Baby wearing evidence

Baby wearing, the practice of wearing your baby in a wrap, sling or other form of carrier, has been practiced for centuries all over the world. Contrary to what many believe, baby wearing has also been practiced in the west for centuries. It’s only in the last few decades that society has drifted away from baby wearing. However, recently parents are getting more focused on baby wearing and the benefits associated with the practice.

The benefits of baby wearing are numerous and span physical, emotional and social parts of wellbeing. At Weaverbirds we value an evidence-informed approach. The scientific evidence for benefits of baby wearing is based on identified benefits of

increased physical contact between parent and child, for example in studies on kangaroo care, in-arms holding, and use of soft carriers.  For example, a randomized controlled trial confirmed that infants who were held cried significantly less compared to infants who were held less. A Cochrane systematic review on methods such as Kangaroo Care has received much academic attention amongst preterm babies and the benefits of holding your baby is well-documented.

Below we’ve listed the benefits of baby wearing which to date have been academically researched as well as reported by health care providers and babywearers. At the bottom of the page you will find links to the relevant peer reviewed articles. As the evidence base increases we will continue to update the list.

Reported benefits of baby wearing:

  • positive effects on breastfeeding
  • babies who are carried cry less
  • mothers carrying their infants have been found to be more responsive to their infant’s vocalizations
  • improved state organization and motor system modulation
  • babies who are held close are more able to regulate their own physiological functions

Scientific Articles

Anderson G. C., Moor E., Hepworth J., Bergman N. (2003). Early skin-to-skin contact for mothers and their

healthy newborn infants. Cochrane Database Systematic Reviews.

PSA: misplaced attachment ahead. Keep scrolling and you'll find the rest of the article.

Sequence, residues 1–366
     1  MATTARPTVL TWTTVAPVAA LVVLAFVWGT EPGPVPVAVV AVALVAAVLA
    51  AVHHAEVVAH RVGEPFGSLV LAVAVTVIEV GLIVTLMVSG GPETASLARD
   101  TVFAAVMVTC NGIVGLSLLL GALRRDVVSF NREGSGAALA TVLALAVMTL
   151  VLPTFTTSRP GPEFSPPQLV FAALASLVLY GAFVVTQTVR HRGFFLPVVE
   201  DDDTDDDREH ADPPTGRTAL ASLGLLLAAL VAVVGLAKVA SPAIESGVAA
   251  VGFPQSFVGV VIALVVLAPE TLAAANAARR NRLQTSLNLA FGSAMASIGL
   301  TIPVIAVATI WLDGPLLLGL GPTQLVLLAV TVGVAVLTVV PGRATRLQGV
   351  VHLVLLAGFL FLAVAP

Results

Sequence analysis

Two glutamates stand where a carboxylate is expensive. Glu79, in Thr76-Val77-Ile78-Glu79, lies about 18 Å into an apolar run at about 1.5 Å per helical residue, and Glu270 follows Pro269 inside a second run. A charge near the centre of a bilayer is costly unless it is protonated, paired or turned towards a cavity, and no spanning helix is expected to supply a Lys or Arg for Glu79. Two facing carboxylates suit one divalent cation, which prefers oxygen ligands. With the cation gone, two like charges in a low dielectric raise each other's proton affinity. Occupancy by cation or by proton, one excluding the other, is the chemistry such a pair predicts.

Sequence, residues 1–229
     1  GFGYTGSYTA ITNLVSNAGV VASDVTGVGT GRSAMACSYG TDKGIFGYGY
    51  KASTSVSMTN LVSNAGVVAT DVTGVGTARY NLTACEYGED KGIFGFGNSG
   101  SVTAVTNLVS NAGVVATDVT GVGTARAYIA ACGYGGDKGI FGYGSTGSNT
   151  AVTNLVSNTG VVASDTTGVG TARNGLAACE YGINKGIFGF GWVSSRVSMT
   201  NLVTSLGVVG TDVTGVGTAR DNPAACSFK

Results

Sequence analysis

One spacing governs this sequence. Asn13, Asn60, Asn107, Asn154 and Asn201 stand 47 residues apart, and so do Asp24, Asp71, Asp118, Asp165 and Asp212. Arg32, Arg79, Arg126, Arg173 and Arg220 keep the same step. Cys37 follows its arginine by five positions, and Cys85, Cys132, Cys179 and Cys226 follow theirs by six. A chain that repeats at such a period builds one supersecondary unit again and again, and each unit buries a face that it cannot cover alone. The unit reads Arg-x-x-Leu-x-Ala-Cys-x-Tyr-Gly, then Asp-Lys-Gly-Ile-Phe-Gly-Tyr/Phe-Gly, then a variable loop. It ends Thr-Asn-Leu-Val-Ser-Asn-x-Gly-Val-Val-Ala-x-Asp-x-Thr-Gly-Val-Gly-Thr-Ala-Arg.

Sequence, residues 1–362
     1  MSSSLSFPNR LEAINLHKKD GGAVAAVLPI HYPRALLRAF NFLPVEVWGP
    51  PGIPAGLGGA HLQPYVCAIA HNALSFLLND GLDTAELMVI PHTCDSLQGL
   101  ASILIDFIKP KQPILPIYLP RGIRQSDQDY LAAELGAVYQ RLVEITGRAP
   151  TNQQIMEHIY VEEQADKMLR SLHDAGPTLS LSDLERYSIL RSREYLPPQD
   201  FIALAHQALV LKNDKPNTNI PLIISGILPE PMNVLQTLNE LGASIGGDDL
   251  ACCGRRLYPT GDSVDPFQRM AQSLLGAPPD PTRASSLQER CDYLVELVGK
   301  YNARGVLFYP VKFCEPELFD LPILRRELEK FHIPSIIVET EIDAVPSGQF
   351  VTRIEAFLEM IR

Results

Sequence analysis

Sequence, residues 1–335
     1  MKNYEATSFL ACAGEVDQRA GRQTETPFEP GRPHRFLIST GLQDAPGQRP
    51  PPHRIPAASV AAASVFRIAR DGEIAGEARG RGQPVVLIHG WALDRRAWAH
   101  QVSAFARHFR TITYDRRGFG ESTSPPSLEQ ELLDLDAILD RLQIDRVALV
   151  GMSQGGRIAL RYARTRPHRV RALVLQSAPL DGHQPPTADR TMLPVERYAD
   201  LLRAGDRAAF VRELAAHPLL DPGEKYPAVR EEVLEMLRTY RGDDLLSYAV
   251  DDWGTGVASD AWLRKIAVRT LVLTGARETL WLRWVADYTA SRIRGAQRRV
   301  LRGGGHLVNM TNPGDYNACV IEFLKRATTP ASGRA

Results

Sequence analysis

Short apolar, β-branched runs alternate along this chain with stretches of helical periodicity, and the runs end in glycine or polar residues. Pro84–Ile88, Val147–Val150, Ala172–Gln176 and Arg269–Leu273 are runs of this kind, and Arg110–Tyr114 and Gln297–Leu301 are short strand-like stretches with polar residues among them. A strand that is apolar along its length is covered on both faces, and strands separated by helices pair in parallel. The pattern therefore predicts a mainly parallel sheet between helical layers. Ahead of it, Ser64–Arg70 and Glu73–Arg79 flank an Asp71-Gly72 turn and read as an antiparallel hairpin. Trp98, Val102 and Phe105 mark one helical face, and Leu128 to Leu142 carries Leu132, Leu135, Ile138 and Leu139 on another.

Anderson, G. C. (1991). Current knowledge about skin-to-skin (kangaroo) care for preterm infants. Journal of

Perinatology, Vol. 11, pp. 216-226.

Anisfeld, E., Casper, V., Nozyce, M., & Cunningham, N., 1990, Does infant carrying promote attachment?

An experimental study of the effects of increased physical contact on the development of attachment., Child Development. Vol. 61. Issue 5, pp. 1617-27.

Hunziker U.A., Garr R. G. (1986). Increased carrying reduces infant crying: A randomized controlled trial.

Pediatrics Vol. 77, pp. 641-648

Russell N. U. (2015). Babywearing in the Age of the Internet, Journal of Family Issues, Vol. 36, Issue 9,

pp. 1130–1153


Blois, M. (2005). Babywearing: The benefits and beauty of this ancient tradition. Amarillo, TX: Pharmasoft.

Blois M. (2007-8). Hold me close: encouraging essential mother/baby physical contact, from Birth: Care of Infant and Mother: Time Sensitive Issues.” Best Practices in the Behavioral Management of Health from Preconception to Adolescence, edited by William Gordon and Jodie Trafton. Los Altos: Institute for Disease Management. pp. 108-132.

Russell, N. U. (2014). Aspects of baby wrappings: Swaddling, carrying and wearing. In S. Harris & L. Douny (Eds.), Wrapping and unwrapping material culture: Archaeological and anthropological perspectives. pp. 43-58. Walnut Creek, CA: Left Coast Press.

Further Reading

Norholt, H. (2011, February 02). Facing in? Facing out? A science-based view on baby carrying positions. Retrieved from

O’Mara, P. (2011). Applaud the Baby Carrier Alliance Industry (BCIA). Retrieved from

International Hip Dysplasia Institute. (2012). Hip health in baby carriers, car seats, swings, walkers, and other equipment. Retrieved from http://www.hipdysplasia. org/developmental-dysplasia-of-the-hip/prevention/baby-carriers-seats-andother-equipment/

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